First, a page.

Did New Testament Christianity borrow from ancient pagan mystery cults such as Mithraism? Attempts have been made to discredit Christianity or to cast doubt upon its veracity by alleging that it simply borrowed its ideas from the Mithraic mystery religion. For this allegation to have substance, one must prove: 1.) That Mithraism predates Christianity; 2.) Minimally, that adherents of Mithraism had direct contact with the stories, rituals, and beliefs to clearly display real and significant parallels, and that there are no better candidates that serve as a model for understanding nascent Christianity, and 3.) Maximally, that there is an oral or literary dependence of the latter on the former.
Can advocates of New Testament dependence upon Mithraism establish points one through three above? First, archaeology indicates that the earliest Mithraic temples or mithraeum in the Roman Empire post-date the rise of Christianity by over a century. The earliest known Mithraic inscription also dates to the second century. Christianity cannot be dependent upon Mithraism because there is no evidence for the Mithraic mysteries prior to A. D. 100. Furthermore, when evidence for the mystery religion begins to appear, it is almost entirely absent from Judea or Palestine where the New Testament was composed and the core doctrines of Christianity were formulated. The only mithraeum discovered in Palestine dates to the fourth century. Christianity could not have borrowed its teachings from Mithraism because Christianity antedates the Mithraic mystery religion in the Roman Empire.
Second, alleged parallels between Christianity and the practices of Mithraism are greatly exaggerated. Modern advocates of Mithraic parallels allege that Mithra experienced a virgin birth, died in a manner similar to Christ, and rose from the dead. Christianity also allegedly borrowed baptism and the Lord’s Supper from Mithraism.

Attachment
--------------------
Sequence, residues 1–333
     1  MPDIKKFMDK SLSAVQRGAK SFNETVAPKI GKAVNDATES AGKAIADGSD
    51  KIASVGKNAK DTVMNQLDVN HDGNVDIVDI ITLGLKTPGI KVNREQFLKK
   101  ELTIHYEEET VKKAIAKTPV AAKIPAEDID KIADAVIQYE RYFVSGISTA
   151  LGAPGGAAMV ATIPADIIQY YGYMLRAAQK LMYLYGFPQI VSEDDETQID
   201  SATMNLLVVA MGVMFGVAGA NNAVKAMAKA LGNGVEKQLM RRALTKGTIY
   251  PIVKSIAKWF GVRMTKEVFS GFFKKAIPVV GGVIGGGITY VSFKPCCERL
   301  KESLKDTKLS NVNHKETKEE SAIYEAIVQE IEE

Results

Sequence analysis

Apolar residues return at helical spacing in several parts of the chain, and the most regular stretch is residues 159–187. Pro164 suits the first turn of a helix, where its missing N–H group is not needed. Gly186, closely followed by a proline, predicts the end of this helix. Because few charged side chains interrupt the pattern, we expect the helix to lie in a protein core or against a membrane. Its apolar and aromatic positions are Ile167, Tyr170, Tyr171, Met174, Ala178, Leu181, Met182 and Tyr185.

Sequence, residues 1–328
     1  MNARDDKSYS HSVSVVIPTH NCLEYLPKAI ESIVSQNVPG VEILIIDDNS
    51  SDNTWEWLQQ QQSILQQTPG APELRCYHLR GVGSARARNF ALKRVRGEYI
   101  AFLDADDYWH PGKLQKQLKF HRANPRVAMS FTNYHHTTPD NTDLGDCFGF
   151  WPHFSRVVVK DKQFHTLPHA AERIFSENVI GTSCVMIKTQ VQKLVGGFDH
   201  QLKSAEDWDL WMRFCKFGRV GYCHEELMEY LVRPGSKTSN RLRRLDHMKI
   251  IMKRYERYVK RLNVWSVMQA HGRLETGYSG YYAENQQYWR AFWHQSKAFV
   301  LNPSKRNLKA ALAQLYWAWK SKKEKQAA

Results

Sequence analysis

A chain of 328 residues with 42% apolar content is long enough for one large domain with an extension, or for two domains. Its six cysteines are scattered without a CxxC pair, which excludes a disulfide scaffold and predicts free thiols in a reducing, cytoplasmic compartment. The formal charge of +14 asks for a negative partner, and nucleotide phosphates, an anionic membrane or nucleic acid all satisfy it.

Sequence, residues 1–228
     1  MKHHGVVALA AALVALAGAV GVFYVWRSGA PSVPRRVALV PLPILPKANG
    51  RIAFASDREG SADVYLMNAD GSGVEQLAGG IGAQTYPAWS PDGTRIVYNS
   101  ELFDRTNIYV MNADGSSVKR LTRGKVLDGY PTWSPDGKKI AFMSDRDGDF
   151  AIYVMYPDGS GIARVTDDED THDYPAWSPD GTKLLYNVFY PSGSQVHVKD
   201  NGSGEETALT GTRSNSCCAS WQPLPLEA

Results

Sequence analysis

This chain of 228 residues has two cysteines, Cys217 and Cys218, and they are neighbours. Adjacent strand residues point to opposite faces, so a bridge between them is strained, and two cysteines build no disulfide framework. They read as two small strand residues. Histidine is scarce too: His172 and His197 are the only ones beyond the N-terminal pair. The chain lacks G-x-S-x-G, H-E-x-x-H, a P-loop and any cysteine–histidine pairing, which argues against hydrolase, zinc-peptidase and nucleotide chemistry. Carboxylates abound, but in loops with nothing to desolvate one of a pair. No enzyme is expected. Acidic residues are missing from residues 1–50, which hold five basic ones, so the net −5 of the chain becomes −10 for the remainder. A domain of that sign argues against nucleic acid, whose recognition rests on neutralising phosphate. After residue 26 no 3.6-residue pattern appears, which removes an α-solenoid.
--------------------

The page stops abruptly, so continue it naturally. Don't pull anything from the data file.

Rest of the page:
However, Mithraic art never depicts a virgin birth for Mithra. He springs naked from a rock, or alternatively the zodiac, or an egg, while holding a torch and a knife. Furthermore, no clear references to the death of Mithras can be found in either Mithraic art or surviving literary sources. Just as there is no evidence for the death of Mithras, there is no evidence for his resurrection, for the latter is inconceivable without the former. The concept of rebirth (cf. John 3:3) is also absent from early Mithraism. The gradual identification of Mithras with Sol takes place too late to have any impact on early Christianity, as does the belief in an astrological ascent of the soul.
Is Mithraism the source for the Christian ordinance of baptism, the immersion of the believer in water as a sign of Christ’s death, burial, and resurrection? On rare occasions, post-Christian Mithraism practiced a ritual bath in the blood of a bull, but since this practice did not exist in the religion before A. D. 160, all extant references to it were in parts of the Roman empire in the west, far removed from Palestine, and the ritual bath included no notion of a death and resurrection, allegations that this practice was the source of Christian baptism are not credible. Does Mithraism provide the source for the ordinance of the Lord’s Supper? While a common meal was practiced as a rite in Mithraism, parallels to the Christian practice of the Lord’s Supper are extremely questionable. First, there is no evidence that the Mithraic communal meal was practiced by all initiates. Second, bread eaten at the Mithraic meal represented the blood of a bull slain by Mithra in hunting, not the blood of Mithra himself. There is no evidence at all of Christian dependence upon the Mithraic common meal, and parallels between the Christian communion rite and Mithraism are, at best, highly tenuous and dubious.